Churchill: When Britain Said No, review: the politician emerges as an exaggerated cross between Nigel Farage and Boris Johnson

Some possible reasons why Churchill won the war, but lost the peace

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The Independent Culture

When I was at school and we learned about the Second World War (before I did my GCSE options and chose to drop it in favour of subjects with as little real world relevance as possible), I remember being taught that Winston Churchill was the strongest leader Britain had ever known, one who led the nation to victory against all the odds. We did the speech about beaches and that “finest hour” one. His accent was far removed from what I heard every day: the words were precisely chosen, yet his voice was slurred, bombastic and booming.

This BBC Two documentary, which focused on the period after VE Day, when Churchill ran for a second term as prime minister and lost rather spectacularly to Labour’s Clement Attlee, revealed a lot that we didn’t study at school.

Historical analysis came from the likes of Antony Beevor, Max Hastings and Juliet Gardiner, interspersed with first-hand accounts and actors (filmed in black and white, so we know it’s the past) who re-enacted scenes documented in journals from Churchill’s daughter, Mary, his wife, Clementine, his military adviser, Lord Alanbrooke, and Lord Moran, his chief physician. What they revealed about Churchill’s character demolishes the image of the military hero, and replaces it with a grouchy, stubborn, occasionally racist character, with a “magpie mind”, no vision for and no sympathy for the common man. Even his youngest daughter and wife criticised him.


One excerpt from his wife’s diaries describes how Churchill once travelled on the underground and had to be “rescued” because he got stuck on the Circle Line and kept going round. While everyone else had put matters of class and wealth aside, because they were forced to by the war effort, Churchill’s aristocratic elitism had been preserved by his privileged status, so after the war, he was ideologically more distant from the electorate than at the start.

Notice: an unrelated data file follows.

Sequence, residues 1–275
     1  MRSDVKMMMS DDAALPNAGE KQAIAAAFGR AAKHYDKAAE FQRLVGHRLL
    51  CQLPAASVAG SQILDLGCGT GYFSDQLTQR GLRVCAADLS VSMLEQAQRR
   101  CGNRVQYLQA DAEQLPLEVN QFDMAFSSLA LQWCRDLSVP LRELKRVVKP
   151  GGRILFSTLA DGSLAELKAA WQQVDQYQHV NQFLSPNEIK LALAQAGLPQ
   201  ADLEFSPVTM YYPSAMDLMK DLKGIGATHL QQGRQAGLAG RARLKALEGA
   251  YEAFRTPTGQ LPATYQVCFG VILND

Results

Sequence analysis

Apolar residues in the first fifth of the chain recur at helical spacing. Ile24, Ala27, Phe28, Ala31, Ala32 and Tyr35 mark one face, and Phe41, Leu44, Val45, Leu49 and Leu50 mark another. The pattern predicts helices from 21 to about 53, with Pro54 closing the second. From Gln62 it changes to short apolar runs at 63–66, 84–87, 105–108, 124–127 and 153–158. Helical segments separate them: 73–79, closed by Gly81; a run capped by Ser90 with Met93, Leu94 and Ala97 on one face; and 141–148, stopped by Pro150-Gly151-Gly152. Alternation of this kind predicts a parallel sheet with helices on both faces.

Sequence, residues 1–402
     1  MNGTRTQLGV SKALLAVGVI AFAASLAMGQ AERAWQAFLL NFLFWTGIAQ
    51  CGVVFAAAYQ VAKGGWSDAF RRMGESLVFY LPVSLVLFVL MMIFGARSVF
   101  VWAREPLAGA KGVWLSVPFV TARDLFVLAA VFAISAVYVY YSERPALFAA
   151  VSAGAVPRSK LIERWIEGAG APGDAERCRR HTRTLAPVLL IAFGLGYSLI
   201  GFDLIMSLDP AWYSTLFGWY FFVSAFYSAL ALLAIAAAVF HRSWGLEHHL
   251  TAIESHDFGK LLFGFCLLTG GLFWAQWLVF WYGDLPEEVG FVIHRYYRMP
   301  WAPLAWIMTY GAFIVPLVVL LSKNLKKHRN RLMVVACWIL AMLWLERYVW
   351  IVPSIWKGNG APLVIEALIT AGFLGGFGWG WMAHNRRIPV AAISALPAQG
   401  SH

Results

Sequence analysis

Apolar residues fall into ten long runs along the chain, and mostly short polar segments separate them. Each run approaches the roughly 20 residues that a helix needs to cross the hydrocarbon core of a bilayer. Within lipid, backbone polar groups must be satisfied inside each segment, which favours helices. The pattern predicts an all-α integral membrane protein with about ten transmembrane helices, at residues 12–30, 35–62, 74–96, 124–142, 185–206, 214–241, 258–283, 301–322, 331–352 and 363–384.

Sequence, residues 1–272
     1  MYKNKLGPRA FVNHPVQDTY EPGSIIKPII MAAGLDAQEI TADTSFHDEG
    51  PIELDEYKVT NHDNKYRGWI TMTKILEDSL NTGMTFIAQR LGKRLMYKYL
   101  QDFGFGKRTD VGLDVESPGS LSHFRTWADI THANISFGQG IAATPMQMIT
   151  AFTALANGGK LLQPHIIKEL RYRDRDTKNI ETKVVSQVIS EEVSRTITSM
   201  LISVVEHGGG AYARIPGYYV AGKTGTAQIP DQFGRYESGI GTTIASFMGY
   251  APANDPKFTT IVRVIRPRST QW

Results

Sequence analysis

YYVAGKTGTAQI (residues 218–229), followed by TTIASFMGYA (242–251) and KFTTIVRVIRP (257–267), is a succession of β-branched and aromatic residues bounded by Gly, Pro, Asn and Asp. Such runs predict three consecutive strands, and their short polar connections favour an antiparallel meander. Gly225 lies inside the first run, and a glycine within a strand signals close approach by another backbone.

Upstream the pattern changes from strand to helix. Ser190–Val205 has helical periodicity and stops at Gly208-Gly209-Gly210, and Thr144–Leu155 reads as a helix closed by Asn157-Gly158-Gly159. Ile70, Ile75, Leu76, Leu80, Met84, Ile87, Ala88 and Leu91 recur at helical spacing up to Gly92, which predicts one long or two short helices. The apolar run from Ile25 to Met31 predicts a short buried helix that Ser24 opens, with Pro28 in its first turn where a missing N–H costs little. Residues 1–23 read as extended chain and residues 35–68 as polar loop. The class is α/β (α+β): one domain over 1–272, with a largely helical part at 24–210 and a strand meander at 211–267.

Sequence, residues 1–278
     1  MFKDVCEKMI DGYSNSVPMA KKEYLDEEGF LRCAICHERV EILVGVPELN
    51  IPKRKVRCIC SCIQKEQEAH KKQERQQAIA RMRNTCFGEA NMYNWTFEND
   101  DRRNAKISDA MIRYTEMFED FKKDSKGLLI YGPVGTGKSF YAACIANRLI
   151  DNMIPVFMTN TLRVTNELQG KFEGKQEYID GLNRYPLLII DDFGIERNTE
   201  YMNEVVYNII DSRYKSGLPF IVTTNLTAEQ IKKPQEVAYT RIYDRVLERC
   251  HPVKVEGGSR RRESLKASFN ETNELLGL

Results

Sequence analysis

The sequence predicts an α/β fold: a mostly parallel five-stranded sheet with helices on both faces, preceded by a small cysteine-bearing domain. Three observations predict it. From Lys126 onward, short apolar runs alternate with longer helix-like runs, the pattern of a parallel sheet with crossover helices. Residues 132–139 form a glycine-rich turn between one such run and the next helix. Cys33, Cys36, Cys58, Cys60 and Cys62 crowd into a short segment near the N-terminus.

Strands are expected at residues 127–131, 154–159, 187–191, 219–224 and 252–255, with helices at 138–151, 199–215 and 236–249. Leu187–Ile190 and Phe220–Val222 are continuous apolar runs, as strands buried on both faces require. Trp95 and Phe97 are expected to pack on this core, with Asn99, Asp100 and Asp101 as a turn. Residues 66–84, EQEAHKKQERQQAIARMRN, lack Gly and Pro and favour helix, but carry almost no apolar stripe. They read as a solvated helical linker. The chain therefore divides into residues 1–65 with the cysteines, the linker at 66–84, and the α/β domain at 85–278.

I wasn’t the only one to hear those speeches and think “What’s he on about?”; members of the public who heard the “finest hour” speech suggested he had “dined out a little too well” before he gave it, saying he sounded old fashioned. 

Winston Churchill outside the German Reichstag during a tour of the ruined city of Berlin on 16 July 1945

The public fought hard during war time and wanted to look to the future; they felt they deserved a collective reward after enduring the privations of the previous six years, and this was offered by Attlee’s radical socialist plans to abolish the class system and to create a welfare state and the NHS. Churchill, on the other hand, was still looking back to the past. “Help Him Finish the Job” declared the Conservatives’ campaign banners, while Labour’s mantra was “Let Us Face the Future”.

One interesting thing that emerged from the documentary is how tame and homogeneous our party leaders look now. Churchill emerged from the documentary as an exaggerated cross between Nigel Farage and Boris Johnson; he believed white people were “a higher grade race”, he drank too much and loved the sound of his own voice and if someone contradicted him, he would just bluster on regardless until they gave in or stopped listening. Attlee, on the other hand, had a totally new vision; he was a socialist and not afraid to say it, offering voters a distinctly different choice.

If only I’d learnt about Churchill as a person, rather than a figurehead in my history lessons, maybe I’d have stuck around to do that GCSE.